Even today, I don’t pick up calls unless they are from my immediate family, very close friends, my son’s school or an unavoidable urgency. I prefer to revert over messages as per my convenient time, ensuring that I respond to each one. Writing isn’t a job that can have anyone working with my mind switched off. My mind is active even as I go about my daily chores. So, when I sit down to write, I shut out the world and plunge into creating a magical world. Like Stephen King advises in his book ‘On Writing’, “Write with the door closed.”

Creative endeavours require as much hard work and support as any other profession; the return on investment is much slower and lesser. But that didn’t deter me from diving into this new world after taking a 180-degree turn from my previous profession. And I am not the only one fighting a battle for creating a new identity as an author. The least that a ‘well-wisher’ can do is acknowledge that writing is a real job.

“I am taking my blog to the next level with Blogchatter’s My Friend Alexa 2020″ campaign.  Stay tuned to read my fourth rant post in this series.

My Friend Alexa : Rant post 2 – Doctors are humans too

If you have read any of my posts, or follow me on any social media platform, you would know that I have a doctor for a husband. As batchmates from school, best friends, and eventually a married couple, we have explored the joys and sorrows of life for more than two decades now. Yet, nothing prepared us for the most difficult phase of our lives that began in March 2020.

After the pandemic hit, his posting took him to one of the Government hospitals in a faraway district of Bengal. My father, who travelled to our home town just before the pandemic struck, couldn’t return because of the lockdown. My in-laws, who had come for a month’s visit to Kolkata, had no option but to stay back. It was a tough time becoming the primary caregiver to a five-year-old son and ageing in-laws while balancing the MFA course.

As we grappled with the new normal, my husband’s work schedule went from bad to worse. They were working round the clock, without a break. The fraternity of doctors, nurses and primary healthcare workers were fighting like frontline warriors. Yet they also had another fight to get the requisite number of PPE kits, N95 masks, sanitizers and other essential items.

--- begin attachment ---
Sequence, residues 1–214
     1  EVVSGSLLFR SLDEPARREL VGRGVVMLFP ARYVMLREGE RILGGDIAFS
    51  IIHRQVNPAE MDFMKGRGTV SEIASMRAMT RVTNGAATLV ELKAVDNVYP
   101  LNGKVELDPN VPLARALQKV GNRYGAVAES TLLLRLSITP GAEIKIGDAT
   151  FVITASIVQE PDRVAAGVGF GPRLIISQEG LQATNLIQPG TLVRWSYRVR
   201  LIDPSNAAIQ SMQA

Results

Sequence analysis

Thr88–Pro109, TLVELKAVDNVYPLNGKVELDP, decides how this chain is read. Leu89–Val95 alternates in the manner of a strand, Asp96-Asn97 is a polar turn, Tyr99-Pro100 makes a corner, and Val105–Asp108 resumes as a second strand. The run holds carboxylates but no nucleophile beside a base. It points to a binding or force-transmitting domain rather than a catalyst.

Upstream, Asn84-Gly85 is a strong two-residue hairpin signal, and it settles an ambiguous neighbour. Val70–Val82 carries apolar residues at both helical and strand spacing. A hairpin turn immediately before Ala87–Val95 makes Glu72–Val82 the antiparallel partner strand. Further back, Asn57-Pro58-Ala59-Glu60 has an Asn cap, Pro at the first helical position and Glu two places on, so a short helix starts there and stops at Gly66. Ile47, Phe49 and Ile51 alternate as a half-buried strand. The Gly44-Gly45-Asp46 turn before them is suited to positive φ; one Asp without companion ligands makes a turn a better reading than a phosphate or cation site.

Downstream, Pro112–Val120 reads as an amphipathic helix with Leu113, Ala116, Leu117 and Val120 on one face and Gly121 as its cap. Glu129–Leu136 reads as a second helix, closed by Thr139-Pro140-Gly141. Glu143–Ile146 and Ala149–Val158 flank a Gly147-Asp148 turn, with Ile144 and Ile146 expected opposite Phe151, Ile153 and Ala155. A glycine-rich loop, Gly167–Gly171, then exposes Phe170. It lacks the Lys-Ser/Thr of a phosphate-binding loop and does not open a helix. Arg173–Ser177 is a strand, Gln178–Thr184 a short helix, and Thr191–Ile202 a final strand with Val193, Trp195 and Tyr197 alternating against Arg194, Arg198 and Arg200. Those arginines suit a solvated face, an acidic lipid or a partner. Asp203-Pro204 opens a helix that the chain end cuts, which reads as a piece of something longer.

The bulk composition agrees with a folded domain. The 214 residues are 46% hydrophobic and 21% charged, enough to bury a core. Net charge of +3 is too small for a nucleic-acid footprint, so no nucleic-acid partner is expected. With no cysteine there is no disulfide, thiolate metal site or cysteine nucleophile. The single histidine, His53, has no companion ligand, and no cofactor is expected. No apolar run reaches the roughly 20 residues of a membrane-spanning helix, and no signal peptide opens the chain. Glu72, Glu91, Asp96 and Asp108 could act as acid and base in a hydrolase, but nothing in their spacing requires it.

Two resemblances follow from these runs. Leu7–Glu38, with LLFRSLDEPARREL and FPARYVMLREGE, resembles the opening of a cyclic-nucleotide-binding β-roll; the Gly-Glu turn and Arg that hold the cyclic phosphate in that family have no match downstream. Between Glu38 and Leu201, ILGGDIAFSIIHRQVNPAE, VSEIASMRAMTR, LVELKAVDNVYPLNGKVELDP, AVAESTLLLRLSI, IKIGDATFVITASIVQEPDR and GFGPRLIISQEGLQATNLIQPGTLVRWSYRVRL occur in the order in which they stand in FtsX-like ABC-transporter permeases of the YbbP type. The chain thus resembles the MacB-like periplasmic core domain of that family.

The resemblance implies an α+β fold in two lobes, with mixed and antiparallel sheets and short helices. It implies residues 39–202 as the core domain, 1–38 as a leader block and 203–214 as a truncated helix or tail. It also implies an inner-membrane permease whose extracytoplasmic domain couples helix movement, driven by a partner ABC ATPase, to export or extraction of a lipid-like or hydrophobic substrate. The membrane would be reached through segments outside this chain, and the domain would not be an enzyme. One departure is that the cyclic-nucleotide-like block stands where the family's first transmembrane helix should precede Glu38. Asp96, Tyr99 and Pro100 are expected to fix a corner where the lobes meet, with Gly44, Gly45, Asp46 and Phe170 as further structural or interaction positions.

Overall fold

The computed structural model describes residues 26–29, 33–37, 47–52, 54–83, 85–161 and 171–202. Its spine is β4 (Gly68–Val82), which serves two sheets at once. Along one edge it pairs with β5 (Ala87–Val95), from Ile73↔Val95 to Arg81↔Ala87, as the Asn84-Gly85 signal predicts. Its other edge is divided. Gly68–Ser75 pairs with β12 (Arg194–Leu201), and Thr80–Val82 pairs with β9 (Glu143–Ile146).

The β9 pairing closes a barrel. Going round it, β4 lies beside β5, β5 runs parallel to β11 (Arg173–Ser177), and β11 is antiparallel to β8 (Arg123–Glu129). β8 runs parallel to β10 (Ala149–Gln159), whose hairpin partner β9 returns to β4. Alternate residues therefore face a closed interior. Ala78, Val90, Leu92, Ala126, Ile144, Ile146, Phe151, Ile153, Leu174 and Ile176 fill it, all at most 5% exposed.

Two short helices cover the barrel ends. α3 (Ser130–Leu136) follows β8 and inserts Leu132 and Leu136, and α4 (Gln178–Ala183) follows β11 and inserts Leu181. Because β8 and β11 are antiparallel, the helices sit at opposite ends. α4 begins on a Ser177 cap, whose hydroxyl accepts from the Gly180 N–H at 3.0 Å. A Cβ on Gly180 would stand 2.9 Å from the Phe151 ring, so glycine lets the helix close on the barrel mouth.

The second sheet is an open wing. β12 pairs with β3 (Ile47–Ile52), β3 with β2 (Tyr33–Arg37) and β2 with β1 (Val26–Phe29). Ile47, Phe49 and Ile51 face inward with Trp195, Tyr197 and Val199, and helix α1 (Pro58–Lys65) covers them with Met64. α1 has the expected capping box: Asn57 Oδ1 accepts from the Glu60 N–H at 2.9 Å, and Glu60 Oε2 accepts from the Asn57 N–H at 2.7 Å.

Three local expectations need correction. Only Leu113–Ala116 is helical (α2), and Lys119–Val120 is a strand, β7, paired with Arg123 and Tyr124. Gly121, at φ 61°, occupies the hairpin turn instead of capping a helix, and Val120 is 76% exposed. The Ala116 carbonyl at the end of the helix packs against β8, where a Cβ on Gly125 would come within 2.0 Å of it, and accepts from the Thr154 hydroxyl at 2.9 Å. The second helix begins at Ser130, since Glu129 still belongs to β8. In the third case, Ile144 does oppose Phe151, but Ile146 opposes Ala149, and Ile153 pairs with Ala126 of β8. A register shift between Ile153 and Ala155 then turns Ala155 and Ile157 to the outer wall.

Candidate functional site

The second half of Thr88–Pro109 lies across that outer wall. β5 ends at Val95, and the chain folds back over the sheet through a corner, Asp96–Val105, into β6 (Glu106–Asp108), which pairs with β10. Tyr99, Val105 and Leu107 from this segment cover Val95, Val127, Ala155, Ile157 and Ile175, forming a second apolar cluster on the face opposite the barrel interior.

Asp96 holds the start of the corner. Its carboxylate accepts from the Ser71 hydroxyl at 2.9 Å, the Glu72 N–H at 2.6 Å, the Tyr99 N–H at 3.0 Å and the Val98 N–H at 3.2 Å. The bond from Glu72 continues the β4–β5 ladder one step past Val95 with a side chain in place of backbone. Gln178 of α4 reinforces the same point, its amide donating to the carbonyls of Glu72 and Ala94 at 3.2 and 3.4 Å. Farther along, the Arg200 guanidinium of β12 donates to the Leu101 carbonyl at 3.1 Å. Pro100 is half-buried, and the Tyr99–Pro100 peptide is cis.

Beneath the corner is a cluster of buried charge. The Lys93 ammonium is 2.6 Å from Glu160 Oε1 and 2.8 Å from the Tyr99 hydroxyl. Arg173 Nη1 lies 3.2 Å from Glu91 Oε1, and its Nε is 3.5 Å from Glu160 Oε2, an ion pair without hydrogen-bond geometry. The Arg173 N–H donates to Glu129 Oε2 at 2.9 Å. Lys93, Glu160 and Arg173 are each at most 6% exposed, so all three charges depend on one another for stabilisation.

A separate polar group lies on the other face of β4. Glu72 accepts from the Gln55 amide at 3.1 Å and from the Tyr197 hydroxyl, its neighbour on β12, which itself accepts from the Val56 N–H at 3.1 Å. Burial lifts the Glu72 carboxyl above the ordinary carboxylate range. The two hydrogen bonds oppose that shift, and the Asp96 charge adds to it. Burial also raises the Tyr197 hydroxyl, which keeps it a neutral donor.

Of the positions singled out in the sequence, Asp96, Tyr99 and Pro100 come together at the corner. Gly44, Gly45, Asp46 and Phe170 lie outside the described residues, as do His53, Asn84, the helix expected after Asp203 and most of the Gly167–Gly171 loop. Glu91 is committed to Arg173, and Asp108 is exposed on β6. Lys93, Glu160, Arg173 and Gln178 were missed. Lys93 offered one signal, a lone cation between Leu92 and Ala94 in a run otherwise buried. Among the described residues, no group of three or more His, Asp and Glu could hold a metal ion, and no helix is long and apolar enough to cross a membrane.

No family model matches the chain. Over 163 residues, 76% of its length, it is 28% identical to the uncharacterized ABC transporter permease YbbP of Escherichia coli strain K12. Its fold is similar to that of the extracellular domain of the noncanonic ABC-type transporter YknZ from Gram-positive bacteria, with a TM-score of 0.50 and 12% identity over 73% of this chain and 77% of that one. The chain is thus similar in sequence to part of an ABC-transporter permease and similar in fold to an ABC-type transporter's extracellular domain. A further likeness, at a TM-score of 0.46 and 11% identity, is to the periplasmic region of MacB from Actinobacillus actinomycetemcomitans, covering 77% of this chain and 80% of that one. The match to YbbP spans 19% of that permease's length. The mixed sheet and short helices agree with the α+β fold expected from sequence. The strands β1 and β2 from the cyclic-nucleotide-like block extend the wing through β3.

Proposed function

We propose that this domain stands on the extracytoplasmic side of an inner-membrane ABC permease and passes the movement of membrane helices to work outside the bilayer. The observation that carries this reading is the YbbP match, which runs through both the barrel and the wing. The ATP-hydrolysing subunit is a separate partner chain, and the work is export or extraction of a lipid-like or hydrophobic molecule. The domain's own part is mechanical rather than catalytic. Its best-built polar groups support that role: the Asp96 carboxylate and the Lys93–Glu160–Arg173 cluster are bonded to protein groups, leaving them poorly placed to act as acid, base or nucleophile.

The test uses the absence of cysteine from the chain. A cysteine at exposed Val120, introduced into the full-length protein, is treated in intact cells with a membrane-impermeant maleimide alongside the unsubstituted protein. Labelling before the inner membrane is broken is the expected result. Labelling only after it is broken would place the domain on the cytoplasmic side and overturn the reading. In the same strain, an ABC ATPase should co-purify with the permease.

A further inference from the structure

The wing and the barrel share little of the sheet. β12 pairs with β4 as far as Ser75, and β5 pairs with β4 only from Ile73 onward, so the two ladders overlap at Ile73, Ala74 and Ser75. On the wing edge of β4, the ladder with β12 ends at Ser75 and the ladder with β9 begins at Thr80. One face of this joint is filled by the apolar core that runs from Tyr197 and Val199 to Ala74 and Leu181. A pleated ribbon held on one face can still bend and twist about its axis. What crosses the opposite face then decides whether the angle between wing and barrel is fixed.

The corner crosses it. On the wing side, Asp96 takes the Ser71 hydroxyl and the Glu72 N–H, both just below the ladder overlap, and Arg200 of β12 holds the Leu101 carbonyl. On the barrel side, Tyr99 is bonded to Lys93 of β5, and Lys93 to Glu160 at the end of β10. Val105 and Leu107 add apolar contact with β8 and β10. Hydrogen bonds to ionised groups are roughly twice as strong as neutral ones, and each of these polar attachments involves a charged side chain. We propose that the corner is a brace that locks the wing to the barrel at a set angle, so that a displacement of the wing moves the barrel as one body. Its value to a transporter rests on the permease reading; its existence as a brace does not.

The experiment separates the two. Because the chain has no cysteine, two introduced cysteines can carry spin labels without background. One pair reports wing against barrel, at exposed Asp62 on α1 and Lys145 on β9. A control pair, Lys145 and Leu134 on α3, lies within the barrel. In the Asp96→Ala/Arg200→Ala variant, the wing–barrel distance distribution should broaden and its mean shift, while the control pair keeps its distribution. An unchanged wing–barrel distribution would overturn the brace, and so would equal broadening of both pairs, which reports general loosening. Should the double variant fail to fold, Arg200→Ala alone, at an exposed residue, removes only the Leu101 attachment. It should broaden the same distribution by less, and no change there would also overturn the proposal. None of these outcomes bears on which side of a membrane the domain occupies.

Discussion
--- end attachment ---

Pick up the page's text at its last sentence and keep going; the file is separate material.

Doctors are humans too

Within a couple of weeks, I saw people banging utensils to show appreciation for the fraternity, helicopters showering flowers to show gratitude and a top Bollywood actor re-releasing a song comparing the dedication of doctors to men in uniform. Although I could never stop worrying about the risk his profession carried, I felt proud of his service in this crisis.

The facade was short-lived. A few days after the thali-banging ceremony, one of my husband’s seniors from college was asked to shift by their residential complex society because his duty exposed him to the deadly virus, making him a threat to other residents. They didn’t have the common sense to think that the same doctors would risk their lives to treat them from Corona. Thus began the discrimination against doctors.

Violence against doctors is on a rise. In Bengal and the rest of India, there are very few days when one doesn’t hear of friends/relatives of patients beating up doctors without any provocation or reason. Last year, one of the junior doctors in Kolkata was hit by a mob in such a brutal way that his skull cracked. Every profession has a few rotten apples that bring their line of work a bad name. Then why is it the doctors who are at the forefront of facing such violence and discrimination as they risk their lives to save that of others?

Despite their selfless service, there are instances where doctors haven’t received any payment for months, they were asked to vacate rented accommodation, and have faced the falsified allegations of medical negligence. They go through such trauma at a time when most of them haven’t even seen/met their families for months at a stretch. Even when they return home, they keep themselves isolated for days before embracing their child or hugging their loved ones.

I refuse to agree with the age-old belief that doctors are second to God. It puts them on a pedestal with an unnecessary pressure to be capable of performing miracles. What we need to understand is that doctors are humans too, battling health and wellness issues, as put their problems behind to cater to the needs of a patient. While they continue serving the citizens with care and compassion, the least that they deserve is our respect, kindness and gratitude.

For the last nine months, I had a tough time explaining to my son about why he gets to talk to his father mostly over video calls. I heard the panic in my in-laws’ voice whenever they called me to check on their son’s schedule. I saw the concern in my father’s eyes every time he hears about my husband skipping meals to attend to his duties. And I have been trying to push away every negative thought from my mind as I grapple to hold the family together. And, I am just one of the many families who have lent their unrelenting support to a doctor/doctors in the family.